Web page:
@ANef_is_Enuf well I sent this to a friend of mine today from a movie I watched last night called “Rabbit Hole”.
It pretty much describes grief to a T. And this movie was my “AHA” moment. It is about 2 parents going through the loss of their 4 yr old. This is the quote between the daughter and her mother who also lost a child I found helpful as I am in my own greif pool, maybe you will too:

Becca: Does it ever go away?

Nat: No, I don’t think it does. Not for me, it hasn’t – has gone on for eleven years. But it changes though.

Becca: How?

Nat: I don’t know… the weight of it, I guess. At some point, it becomes bearable. It turns into something that you can crawl out from under and… carry around like a brick in your pocket. And you… you even forget it, for a while. But then you reach in for whatever reason and – there it is. Oh right, that. Which could be aweful – not all the time. It’s kinda…[deep breath]not that you’d like it exactly, but it’s what you’ve got instead of your son. So, you carry it around. And uh… it doesn’t go away. Which is…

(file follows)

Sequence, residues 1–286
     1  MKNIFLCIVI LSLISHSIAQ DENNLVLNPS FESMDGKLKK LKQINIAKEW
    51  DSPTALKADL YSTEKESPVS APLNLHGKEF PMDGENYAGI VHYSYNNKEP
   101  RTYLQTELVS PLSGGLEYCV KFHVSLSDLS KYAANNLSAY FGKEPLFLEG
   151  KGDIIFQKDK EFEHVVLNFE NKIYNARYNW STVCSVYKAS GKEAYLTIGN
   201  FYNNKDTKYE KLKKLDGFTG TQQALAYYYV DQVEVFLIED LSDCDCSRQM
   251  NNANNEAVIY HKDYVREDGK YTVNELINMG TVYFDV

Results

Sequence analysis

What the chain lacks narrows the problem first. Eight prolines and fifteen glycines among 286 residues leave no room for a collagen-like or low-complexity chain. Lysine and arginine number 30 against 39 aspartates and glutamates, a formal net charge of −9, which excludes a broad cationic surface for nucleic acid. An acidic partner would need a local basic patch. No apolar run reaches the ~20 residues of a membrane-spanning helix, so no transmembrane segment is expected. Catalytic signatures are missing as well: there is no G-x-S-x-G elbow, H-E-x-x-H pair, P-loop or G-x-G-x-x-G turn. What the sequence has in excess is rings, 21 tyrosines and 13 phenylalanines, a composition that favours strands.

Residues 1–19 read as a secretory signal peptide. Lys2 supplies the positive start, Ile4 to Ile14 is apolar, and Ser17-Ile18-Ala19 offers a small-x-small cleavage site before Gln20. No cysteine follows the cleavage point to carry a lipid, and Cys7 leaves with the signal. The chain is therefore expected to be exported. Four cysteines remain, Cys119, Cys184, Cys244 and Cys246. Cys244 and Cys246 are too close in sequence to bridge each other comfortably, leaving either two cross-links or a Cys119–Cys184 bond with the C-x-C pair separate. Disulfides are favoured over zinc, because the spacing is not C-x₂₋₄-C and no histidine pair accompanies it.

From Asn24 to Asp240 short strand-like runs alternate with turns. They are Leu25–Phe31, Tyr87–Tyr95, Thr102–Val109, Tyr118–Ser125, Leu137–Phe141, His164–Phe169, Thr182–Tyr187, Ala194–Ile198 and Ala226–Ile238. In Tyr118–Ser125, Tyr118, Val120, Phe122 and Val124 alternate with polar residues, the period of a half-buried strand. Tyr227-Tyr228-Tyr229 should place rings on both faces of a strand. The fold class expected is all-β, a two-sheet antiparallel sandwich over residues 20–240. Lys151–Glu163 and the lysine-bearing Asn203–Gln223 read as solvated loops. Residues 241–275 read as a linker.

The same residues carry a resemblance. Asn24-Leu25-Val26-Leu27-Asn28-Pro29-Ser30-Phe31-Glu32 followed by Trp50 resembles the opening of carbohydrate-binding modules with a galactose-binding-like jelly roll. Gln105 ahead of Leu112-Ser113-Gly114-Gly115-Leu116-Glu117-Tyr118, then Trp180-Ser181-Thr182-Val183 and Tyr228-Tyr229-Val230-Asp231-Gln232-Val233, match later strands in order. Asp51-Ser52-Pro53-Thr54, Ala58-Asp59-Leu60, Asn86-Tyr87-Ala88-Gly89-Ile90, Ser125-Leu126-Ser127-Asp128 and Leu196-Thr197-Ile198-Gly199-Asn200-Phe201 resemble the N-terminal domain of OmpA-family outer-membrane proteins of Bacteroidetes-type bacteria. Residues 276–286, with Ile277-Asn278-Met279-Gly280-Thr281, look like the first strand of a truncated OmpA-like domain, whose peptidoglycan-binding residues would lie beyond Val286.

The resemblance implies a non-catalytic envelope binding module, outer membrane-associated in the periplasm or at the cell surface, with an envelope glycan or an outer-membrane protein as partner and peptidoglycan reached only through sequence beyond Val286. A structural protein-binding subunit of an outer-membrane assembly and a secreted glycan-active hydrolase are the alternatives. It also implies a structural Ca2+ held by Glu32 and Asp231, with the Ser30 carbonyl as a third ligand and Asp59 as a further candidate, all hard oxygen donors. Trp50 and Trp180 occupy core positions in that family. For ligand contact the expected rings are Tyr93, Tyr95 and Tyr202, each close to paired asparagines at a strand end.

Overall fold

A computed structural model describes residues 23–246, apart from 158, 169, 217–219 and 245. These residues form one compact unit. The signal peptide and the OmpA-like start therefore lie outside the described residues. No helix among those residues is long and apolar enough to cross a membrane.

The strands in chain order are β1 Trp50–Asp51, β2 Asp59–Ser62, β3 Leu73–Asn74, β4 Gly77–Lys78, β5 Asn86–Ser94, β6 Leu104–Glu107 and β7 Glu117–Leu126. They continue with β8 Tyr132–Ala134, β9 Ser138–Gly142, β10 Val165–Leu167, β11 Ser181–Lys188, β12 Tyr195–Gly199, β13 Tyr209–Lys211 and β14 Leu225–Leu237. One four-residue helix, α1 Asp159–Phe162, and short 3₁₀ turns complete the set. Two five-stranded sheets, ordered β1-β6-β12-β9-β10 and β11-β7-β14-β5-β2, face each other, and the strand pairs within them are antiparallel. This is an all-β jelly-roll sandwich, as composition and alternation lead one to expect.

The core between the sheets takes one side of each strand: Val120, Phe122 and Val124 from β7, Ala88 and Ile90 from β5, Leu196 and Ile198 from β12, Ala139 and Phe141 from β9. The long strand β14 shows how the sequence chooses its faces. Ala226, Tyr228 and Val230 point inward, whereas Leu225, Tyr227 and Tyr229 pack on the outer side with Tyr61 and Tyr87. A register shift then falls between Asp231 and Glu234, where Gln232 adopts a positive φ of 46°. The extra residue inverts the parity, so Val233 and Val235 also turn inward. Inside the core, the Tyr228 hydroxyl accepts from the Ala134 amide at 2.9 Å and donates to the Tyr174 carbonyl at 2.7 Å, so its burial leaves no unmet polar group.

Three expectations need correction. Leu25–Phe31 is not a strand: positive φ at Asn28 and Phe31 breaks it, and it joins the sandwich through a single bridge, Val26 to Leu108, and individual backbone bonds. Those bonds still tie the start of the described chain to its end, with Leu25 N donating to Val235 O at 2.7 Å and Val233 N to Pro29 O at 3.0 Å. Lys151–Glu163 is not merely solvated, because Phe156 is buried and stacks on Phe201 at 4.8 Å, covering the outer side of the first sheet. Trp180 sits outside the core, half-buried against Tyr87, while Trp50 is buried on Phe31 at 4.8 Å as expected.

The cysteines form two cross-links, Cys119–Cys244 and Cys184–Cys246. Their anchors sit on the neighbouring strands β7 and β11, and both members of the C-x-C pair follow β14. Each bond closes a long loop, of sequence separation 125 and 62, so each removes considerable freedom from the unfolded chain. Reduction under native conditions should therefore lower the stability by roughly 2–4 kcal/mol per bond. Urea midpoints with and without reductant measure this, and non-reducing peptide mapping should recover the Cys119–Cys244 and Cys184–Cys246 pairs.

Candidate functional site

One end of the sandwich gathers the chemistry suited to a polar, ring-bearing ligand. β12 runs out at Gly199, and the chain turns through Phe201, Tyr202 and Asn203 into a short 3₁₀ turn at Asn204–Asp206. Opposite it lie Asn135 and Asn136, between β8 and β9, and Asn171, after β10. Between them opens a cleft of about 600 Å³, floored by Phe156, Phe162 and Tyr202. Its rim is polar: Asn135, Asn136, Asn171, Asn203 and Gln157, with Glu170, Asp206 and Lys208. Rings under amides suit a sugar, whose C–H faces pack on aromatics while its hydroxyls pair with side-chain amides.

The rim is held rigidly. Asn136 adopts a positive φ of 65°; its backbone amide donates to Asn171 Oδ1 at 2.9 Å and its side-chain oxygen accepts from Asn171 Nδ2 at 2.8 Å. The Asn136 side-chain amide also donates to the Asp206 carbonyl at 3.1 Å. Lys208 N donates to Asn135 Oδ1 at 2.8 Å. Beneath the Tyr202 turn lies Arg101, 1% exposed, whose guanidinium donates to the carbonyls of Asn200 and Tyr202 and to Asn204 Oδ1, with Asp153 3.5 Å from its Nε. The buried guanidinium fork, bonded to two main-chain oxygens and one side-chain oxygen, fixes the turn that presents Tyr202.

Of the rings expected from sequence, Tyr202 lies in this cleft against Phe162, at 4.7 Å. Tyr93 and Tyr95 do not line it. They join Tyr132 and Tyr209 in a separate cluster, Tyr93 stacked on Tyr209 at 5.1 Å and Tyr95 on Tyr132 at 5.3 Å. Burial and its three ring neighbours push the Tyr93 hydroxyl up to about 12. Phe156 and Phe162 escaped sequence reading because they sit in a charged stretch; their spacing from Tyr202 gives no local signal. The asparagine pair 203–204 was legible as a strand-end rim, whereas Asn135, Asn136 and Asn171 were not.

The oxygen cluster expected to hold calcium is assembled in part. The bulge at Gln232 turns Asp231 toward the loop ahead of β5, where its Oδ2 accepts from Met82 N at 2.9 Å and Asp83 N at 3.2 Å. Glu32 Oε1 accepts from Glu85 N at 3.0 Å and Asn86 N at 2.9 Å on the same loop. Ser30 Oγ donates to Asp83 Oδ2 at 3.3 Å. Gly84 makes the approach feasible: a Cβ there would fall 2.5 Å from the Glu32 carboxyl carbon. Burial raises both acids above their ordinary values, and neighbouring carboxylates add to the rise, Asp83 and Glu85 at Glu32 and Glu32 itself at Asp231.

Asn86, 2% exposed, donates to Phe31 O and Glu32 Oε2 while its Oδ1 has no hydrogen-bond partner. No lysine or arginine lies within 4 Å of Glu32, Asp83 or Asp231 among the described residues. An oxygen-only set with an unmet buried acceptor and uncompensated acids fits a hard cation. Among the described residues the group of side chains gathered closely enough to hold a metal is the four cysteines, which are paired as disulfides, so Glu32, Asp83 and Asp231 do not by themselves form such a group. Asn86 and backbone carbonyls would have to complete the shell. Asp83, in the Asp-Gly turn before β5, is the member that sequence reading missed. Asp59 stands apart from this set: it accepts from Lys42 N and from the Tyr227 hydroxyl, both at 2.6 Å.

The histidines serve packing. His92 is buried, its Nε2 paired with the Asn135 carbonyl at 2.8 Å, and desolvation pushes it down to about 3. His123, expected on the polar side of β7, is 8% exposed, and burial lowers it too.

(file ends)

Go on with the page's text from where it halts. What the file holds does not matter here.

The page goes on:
Becca: Which is what?

Nat: Fine, actually.

Rabbit Hole (2010)

ANef_is_Enuf's avatar

@Meego ohh, that’s very well said. Thank you for sharing that.

Meego's avatar

@ANef_is_Enuf Your welcome!

I encourage anyone who has lost someone to watch this movie TBH I felt like less of a freak afterwards watching different sides of the grieving process. Sometimes it just works like that I guess.

I find myself emotional lately at things I never would of been emo towards before. There is this overwhelming roll of thunder in my body and then I need to cry for a moment. There is also no rhyme or reason for it always, but it sucks.